Apple takes bite out of Samsung in the USA

After four weeks of trial in the US District Court in San Jose, California (Apple Inc vs Samsung Electronics Co. Ltd et al, C 11-1846 & C 12-0630), a jury verdict on 24 August 2012 found Samsung had wilfully infringed Apple’s patents and designs registrations and diluted its iPhone trade dress rights. The jury awarded Apple US$1.049 billion in damages. Samsung was awarded zero damages in its counter suit.

Apple’s attorneys have filed a request to stop all sales of the Samsung products found to infringe, whilst Samsung is already moving to file post verdict motions to overturn the ruling.

With the reduced competition, ironically the decision could lead to less choice and higher prices for US consumers, at least in the short term, and may even harm Apple’s goodwill amongst the general population longer term.

Things are more evenly matched in South Korea

The US decision contrasts sharply with a decision issued on a case between Apple and Samsung the same day from the Seoul Central District Court, South Korean court. A three judge panel found that both parties had infringed on each other’s patents, particularly, that Apple infringed two Samsung technology patents, while Samsung violated one of Apple’s patents. The court subsequently awarded damages against both parties. The court banned the sale of Apple’s iPhone 3GS, iPhone 4, two iPad models and ordered Apple to pay Samsung US$35,000. Samsung’s Galaxy S2 was banned from sale and the court ordered Samsung to pay Apple US$22,000.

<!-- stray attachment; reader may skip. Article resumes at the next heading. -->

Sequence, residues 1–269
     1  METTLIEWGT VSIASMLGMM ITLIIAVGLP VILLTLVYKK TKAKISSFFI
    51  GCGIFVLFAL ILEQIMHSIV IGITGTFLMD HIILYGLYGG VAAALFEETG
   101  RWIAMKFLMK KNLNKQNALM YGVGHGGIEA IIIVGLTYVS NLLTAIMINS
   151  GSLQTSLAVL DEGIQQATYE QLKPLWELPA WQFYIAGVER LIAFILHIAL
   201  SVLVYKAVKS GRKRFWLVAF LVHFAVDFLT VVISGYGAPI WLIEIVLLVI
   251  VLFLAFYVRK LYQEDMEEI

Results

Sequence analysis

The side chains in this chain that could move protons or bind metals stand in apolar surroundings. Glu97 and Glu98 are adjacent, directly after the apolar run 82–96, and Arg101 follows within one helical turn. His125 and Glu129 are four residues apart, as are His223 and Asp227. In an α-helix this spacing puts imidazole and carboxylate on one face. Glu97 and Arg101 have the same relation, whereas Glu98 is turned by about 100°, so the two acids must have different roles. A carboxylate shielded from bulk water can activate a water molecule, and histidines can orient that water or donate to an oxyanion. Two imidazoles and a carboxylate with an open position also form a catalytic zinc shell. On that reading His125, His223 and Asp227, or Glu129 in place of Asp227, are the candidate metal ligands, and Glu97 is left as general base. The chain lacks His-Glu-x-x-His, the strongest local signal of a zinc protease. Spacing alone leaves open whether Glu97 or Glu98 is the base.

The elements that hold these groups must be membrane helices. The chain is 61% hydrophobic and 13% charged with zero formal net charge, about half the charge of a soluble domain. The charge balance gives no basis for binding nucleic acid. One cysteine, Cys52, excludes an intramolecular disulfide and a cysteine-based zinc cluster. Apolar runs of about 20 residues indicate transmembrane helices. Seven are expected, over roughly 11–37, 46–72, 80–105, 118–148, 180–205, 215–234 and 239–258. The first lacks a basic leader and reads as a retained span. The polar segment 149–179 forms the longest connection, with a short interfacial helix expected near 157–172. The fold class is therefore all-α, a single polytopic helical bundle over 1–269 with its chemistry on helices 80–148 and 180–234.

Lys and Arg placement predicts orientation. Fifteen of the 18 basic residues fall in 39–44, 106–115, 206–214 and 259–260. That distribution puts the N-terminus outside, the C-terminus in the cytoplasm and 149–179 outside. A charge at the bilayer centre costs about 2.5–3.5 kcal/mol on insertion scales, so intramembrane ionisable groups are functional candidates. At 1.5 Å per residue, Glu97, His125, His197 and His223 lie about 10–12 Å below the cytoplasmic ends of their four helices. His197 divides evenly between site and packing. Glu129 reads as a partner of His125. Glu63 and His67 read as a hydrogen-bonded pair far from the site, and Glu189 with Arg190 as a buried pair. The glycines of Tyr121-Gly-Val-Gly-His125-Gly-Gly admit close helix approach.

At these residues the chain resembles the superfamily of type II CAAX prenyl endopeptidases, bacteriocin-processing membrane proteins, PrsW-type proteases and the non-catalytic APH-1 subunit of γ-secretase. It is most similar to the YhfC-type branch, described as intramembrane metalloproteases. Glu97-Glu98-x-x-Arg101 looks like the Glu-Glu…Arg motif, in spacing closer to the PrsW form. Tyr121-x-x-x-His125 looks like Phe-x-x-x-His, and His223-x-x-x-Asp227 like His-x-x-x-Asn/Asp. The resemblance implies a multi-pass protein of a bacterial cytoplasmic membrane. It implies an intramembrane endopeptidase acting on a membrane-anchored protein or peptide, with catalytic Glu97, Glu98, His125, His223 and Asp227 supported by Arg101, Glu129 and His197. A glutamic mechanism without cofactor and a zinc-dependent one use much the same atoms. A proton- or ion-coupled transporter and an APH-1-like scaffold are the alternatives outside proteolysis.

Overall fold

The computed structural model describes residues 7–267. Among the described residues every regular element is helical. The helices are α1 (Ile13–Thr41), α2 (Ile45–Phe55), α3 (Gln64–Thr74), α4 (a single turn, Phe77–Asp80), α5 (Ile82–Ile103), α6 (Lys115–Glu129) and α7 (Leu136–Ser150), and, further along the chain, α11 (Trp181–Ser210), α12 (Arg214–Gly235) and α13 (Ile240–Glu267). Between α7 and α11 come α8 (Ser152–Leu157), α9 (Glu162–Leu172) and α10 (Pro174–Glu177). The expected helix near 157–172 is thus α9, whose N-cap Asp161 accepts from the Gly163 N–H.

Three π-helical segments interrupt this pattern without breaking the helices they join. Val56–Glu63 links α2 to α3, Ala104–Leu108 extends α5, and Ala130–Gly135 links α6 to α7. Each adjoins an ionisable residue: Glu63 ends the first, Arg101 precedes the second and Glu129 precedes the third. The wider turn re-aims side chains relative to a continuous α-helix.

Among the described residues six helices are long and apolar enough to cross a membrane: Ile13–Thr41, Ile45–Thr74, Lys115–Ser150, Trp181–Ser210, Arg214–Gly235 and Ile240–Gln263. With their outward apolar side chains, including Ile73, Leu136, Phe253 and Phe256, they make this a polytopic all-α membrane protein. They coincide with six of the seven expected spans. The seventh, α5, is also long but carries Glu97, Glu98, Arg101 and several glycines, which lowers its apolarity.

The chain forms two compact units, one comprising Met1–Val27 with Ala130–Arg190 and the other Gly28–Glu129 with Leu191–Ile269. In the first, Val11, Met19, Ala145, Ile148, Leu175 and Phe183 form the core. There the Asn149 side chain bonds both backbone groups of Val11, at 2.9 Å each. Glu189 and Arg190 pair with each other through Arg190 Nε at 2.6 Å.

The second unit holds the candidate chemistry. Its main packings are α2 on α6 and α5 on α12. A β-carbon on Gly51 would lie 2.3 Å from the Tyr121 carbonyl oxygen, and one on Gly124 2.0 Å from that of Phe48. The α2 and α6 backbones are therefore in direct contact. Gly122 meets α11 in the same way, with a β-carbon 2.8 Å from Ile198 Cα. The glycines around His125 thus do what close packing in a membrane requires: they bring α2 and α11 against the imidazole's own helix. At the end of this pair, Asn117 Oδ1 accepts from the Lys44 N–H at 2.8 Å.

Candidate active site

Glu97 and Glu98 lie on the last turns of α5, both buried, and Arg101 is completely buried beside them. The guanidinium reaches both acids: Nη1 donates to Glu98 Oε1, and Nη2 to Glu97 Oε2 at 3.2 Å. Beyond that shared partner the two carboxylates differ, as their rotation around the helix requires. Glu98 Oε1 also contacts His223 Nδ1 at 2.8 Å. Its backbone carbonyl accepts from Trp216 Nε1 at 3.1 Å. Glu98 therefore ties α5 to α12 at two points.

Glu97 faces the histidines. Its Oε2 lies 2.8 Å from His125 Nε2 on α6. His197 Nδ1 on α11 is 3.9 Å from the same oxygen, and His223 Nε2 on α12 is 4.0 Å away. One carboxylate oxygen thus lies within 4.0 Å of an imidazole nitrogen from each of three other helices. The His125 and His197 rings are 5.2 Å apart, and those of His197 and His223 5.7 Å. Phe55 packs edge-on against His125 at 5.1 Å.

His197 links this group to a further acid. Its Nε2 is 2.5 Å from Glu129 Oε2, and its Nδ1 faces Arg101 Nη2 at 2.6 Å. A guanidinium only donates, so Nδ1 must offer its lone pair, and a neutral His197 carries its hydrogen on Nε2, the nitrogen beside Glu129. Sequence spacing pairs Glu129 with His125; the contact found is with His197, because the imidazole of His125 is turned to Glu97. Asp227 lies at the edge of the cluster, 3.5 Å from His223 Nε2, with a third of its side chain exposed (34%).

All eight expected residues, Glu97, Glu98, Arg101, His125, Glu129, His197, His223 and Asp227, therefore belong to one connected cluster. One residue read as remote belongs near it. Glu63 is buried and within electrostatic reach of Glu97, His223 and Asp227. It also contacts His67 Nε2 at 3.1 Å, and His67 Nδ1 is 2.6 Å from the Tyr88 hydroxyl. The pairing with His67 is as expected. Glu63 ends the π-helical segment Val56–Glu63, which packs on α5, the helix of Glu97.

The gloves are off in Australia

Neither of these recent decisions is expected to have any real affect on Australian court proceedings currently underway between Apple and Samsung. The suit and scope of their IP rights is very different compared to those in the US and South Korea, and the applicable laws very are different. There is some overlap in the patent issues in the US case, but the ornamental design rights and trade dress issues are not part of the Australian case. Samsung is not expected to settle the Australian case despite the US finding against them.

What’s next?

One question now is whether Apple will similarly pursue Google in relation to its Android operating system.

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